Can mapping your local area help to bring about positive change in your community? That’s what a group of young people from Sir John Hunt Community Sports College in Whitleigh are hoping to find out…
Whitleigh is a residential area on the outskirts of Plymouth (UK), about 4 miles north of the city centre with a population of about 7,350 people. Whitleigh is almost entirely surrounded by woods – with Budshead Woods & Woodland Woods to the south, and Cann Woods & Whitleigh Woods to the north. These large green stretches mark the boundary between Whitleigh and the neighbouring areas of Southway, Honicknowle, Crownhill, West Park, Tamerton Foliot, St Budeaux and Ernesettle.
Over the past 6 months, a group of young creatives have been working on a project to develop a new digital map of the neighbourhood, to be published online in June 2018.
The map is developed by a number of Young Advisors (young people aged 16–20 who want to make a positive change in the community), supported by Whitleigh Big Local & Take A Part. Meeting every second Thursday after school, the group have been working with a range of specialists who they have invited onto the project – including artists and community organisers, a geospatial technologist, a sound artist & a local web developer. The project has led to them finding out more about the area, make sound recordings with local residents and discover how different people are involved in making things happen in Whitleigh.
One of the things they discovered was the wealth of information gathered by Whitleigh resident and artist Sandy Wager on her series of maps – you can explore Sandy’s maps here:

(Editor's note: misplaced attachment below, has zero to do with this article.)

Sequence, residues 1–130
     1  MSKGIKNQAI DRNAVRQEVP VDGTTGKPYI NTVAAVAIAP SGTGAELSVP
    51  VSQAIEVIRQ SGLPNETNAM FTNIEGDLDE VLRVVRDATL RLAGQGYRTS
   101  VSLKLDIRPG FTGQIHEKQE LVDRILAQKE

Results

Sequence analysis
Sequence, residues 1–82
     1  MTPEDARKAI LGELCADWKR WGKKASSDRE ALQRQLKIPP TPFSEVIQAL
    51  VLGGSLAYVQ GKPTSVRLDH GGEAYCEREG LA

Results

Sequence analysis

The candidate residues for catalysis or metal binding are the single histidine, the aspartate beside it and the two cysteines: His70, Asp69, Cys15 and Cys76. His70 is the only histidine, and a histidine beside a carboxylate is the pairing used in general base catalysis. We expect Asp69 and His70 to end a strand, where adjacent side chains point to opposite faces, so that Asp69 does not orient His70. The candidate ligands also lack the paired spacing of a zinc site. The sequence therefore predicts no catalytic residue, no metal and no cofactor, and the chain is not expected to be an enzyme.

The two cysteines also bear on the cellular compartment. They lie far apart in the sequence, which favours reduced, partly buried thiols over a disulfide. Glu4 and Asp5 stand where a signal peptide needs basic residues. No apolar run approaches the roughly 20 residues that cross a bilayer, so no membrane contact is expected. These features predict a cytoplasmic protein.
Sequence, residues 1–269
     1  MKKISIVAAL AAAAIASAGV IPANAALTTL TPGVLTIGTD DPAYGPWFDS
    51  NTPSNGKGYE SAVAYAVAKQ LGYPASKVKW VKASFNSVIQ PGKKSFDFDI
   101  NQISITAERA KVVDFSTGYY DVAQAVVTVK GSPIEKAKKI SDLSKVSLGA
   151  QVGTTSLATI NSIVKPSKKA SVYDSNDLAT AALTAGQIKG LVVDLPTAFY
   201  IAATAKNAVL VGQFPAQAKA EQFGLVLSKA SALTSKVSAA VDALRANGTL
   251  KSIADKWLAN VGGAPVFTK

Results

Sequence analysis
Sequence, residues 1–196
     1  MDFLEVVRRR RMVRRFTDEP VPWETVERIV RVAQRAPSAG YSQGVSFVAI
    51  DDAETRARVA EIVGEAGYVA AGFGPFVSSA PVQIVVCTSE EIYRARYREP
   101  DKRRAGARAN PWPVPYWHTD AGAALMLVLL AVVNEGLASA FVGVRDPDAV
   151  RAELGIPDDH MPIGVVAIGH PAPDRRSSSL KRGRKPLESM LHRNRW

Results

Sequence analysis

Sandy also features as one of the interviewees in the new digital map, talking about her ongoing mission to make life in Whiteigh more colourful. You can see all the details of her arts group, Whitleigh Arts, here – https://whitleigharts.weebly.com
The group also met with Tom Buckley, a local resident who started Whitleigh Edibles – a group that aims to improve the connections to food, motivate the wider community and give better access to learning in the natural environment.
On the new map, you’ll be able to hear Tom talk about what he’d like to improve in Whitleigh, what he loves about living here and the community orchard near Aylesbury Crescent playpark that he helped to plant in 2015
Part of the remit of the project was to pair the Young Advisors with an artist and educator based in Plymouth (Rachel Dobbs) to develop skills in creative project management, decision-making and working together to achieve a complex creative project. They have also been producing a series of ‘How To’ videos with sound artist & moving image expert Neil Rose to help share their learning with other young people interested in setting up and running their own projects.
The Young Advisors have also benefited from special mentor support from two of Barne Barton’s Young Community Ambassadors who made a digital map of their area last year, which means that the Whitleigh Young Advisors have been able to learn lots of useful things from their experiences.
The group hope that by designing their map to be accessible online, that lots of people in Whitleigh and further afield will be able to view it and explore what they’ve found out about the area via their phones & tablets.